“David said to the Philistine, ‘You come against me with sword and spear and javelin, but I come against you in the name of the Lord Almighty, the God of the armies of Israel, whom you have defied.’” (1 Samuel 17:45)
Krav Maga, an Israeli self-defense system being taught internationally, is saving lives.
Recently, a 12-year-old British girl escaped from a large assailant when he grabbed her from behind. Using Krav Maga, she kicked him in the groin and applied other aggressive moves until she was able to break loose.
At around 6 p.m., the girl was on her way home after completing her Krav Maga class in Frognal, London when she was attacked by a man who grabbed hold of her.
“With her year plus of Krav Maga training, she reacted quickly, elbowing the perpetrator and then kneeing [him] in the groin before taking off at a clip to safety before calling me,” her mother said. (Hampstead and Highgate Express)
The mother explained that the daughter did not get a good look at her attacker since her first concern was to get away. She added that there were several cases of girls being attacked in the area and that the perpetrator was still at large.
“She is home safely for which we are grateful,” she said.
The philosophy behind Krav Maga, Hebrew for contact combat, emphasizes neutralizing threats, as well as simultaneous defensive and offensive maneuvers. The Israeli military developed it for regular and special forces, and it is also used by the Israeli intelligence and security, Mossad and Shin Bet.
It combines techniques used in wrestling, boxing, Muay Thai, Judo, and Jujutsu along with realistic fight training, making it effective for young and old alike.
For instance, in Ramsey, New Jersey, grandmothers in their 60s and 70s are increasingly signing up for the course.
“There are no rules in Krav Maga. It’s to do whatever you have to do to get out of that situation safely,” says Tony Racciatti, the owner of Krav Maga NJ.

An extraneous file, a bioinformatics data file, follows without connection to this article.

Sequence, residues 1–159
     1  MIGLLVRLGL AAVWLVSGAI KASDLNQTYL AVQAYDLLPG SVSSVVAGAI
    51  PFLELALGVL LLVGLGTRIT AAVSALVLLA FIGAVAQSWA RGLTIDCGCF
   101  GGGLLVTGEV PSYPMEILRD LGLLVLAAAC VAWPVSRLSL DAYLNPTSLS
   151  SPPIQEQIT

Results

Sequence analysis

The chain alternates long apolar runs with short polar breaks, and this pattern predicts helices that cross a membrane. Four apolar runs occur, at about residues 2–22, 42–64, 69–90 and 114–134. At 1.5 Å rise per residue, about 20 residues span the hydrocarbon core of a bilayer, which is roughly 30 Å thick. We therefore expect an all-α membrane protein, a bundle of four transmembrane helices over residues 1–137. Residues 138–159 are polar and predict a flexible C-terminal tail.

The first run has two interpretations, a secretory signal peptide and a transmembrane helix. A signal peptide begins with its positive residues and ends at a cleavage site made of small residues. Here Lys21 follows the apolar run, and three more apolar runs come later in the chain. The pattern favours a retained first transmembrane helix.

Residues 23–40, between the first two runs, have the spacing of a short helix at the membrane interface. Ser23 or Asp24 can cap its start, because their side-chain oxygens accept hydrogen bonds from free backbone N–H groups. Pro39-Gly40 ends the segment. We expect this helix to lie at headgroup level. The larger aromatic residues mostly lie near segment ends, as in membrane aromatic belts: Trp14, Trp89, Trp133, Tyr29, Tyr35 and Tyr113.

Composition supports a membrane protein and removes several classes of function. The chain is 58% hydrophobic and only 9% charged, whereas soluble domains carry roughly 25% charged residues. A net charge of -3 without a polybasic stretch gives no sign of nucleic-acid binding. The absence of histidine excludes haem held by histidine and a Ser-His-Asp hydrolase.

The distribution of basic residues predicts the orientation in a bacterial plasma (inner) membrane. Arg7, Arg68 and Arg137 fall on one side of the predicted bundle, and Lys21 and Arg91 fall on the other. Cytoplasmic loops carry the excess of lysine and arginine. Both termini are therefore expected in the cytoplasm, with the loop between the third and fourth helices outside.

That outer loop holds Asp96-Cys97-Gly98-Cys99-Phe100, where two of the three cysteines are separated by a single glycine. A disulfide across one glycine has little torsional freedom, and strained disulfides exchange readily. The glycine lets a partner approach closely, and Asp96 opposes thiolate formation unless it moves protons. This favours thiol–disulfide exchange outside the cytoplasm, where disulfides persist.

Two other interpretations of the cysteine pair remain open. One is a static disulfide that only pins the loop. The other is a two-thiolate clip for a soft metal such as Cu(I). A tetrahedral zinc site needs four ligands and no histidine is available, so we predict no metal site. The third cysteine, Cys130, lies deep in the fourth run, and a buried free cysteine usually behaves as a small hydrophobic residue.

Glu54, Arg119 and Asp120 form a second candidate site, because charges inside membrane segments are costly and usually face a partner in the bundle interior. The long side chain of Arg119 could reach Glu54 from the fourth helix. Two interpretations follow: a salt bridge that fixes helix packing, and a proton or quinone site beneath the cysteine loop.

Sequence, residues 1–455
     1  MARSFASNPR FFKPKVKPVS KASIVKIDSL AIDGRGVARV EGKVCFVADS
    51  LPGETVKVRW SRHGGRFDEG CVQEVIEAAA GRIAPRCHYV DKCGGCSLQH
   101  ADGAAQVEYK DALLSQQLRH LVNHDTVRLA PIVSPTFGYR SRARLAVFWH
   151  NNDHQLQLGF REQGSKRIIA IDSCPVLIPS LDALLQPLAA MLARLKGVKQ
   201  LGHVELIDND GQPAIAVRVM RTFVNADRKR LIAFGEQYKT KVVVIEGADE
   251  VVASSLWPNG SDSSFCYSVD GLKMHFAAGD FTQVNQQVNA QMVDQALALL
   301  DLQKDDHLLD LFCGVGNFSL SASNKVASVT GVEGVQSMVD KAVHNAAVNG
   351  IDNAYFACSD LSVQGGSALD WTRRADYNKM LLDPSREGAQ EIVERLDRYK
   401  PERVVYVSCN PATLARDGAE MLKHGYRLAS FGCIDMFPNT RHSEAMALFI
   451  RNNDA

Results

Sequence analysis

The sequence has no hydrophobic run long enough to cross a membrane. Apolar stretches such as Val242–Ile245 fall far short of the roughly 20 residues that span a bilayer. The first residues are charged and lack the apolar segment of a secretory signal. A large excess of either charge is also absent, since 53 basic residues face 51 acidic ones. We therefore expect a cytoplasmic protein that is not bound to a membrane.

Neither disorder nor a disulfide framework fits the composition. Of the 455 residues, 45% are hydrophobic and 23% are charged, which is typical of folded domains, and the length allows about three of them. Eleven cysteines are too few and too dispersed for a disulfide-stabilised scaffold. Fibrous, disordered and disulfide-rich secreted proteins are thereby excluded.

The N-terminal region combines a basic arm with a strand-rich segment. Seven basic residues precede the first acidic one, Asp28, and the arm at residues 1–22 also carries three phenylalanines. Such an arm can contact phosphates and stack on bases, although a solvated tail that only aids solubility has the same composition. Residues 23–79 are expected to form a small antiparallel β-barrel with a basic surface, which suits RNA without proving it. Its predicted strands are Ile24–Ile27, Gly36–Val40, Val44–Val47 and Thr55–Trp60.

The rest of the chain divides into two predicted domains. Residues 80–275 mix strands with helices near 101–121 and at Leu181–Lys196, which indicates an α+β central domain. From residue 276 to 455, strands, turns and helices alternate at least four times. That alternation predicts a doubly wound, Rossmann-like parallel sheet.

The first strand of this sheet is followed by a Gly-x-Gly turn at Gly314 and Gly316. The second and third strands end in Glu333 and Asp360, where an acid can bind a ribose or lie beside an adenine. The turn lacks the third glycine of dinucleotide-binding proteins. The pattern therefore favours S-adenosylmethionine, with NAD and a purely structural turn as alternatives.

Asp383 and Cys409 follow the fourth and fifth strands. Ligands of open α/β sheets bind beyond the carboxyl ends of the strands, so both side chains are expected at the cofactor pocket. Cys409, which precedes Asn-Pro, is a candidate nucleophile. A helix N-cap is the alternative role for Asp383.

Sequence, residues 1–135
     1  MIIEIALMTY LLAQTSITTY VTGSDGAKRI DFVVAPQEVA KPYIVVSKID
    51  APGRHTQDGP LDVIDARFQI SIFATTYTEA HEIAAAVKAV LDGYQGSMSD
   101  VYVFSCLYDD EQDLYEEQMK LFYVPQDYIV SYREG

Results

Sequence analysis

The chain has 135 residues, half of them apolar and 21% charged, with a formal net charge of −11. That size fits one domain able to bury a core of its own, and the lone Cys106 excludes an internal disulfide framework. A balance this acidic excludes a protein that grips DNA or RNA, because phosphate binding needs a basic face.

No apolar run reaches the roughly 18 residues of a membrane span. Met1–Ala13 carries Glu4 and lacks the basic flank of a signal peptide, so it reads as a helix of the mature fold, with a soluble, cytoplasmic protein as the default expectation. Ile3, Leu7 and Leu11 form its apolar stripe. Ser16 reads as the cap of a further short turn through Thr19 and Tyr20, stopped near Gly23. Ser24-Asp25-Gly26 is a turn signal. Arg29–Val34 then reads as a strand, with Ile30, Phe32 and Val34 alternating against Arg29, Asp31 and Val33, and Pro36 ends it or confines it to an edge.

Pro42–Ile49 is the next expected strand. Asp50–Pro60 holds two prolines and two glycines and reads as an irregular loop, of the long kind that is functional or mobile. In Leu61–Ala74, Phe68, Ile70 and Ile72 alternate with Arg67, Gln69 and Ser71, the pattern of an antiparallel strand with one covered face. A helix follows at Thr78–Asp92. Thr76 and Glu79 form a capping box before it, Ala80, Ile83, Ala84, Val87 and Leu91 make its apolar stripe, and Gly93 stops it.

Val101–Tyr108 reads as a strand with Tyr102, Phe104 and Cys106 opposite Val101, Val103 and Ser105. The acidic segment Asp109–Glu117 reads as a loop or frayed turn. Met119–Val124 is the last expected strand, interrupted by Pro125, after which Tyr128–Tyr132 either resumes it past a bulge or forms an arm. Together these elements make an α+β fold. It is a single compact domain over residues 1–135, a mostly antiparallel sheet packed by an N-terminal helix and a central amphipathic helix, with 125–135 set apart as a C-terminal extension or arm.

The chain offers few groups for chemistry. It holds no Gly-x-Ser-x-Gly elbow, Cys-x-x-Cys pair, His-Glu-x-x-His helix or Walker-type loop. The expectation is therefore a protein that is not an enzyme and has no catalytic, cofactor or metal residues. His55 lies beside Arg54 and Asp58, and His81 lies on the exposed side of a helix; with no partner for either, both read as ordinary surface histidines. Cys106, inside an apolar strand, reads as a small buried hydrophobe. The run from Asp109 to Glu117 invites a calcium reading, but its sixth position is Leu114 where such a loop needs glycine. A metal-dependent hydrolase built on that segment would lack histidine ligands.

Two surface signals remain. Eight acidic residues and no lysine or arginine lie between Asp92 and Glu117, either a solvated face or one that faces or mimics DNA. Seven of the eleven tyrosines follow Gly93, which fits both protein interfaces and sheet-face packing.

“We teach about home invasions, shirt grabs, getting your handbag stolen, getting backed into a corner, and carjacking. It’s all about learning stuff that happens every day.”
Describing his older female students Racciatti says, “The progress that I see in these women is that they feel less fear, they develop more flexibility, and I see their ability and the awareness to react to something quickly.”
A grandmother taking the course, Suzanne Lippe says, “One of my biggest goals is to be able to stay active and healthy enough to play and do a lot of activities with my grandchildren.” It’s also important, she said, to “know that if I was to go some place with them, I would be able to protect them.”
In Morgantown PA, instructor Aaron Marko addresses the daily occurrences of violence in the community, including intruders breaking into homes.
“Having just a little bit of skills and knowledge can greatly affect your life. It’s imperative knowledge on that regard,” says the Krav Maga trainer.
Describing this style of self-defense he says, “It’s put together so anybody can do it, regardless of age, physical fitness, or prior training.”
Another instructor, Isaiah Bowman adds, “After every move you have to look around and scan the scene. When I’m scanning, I’m looking for three things. I’m looking for multiple attackers. Another thing is common objects, something I can pick up and use for self-defense. A third thing is an exit, I have to find a way out.”
Seventy-year-old Rodlyn Park says, “It’s made me more confident and the intimidation factor has changed dramatically.” (Yahoo)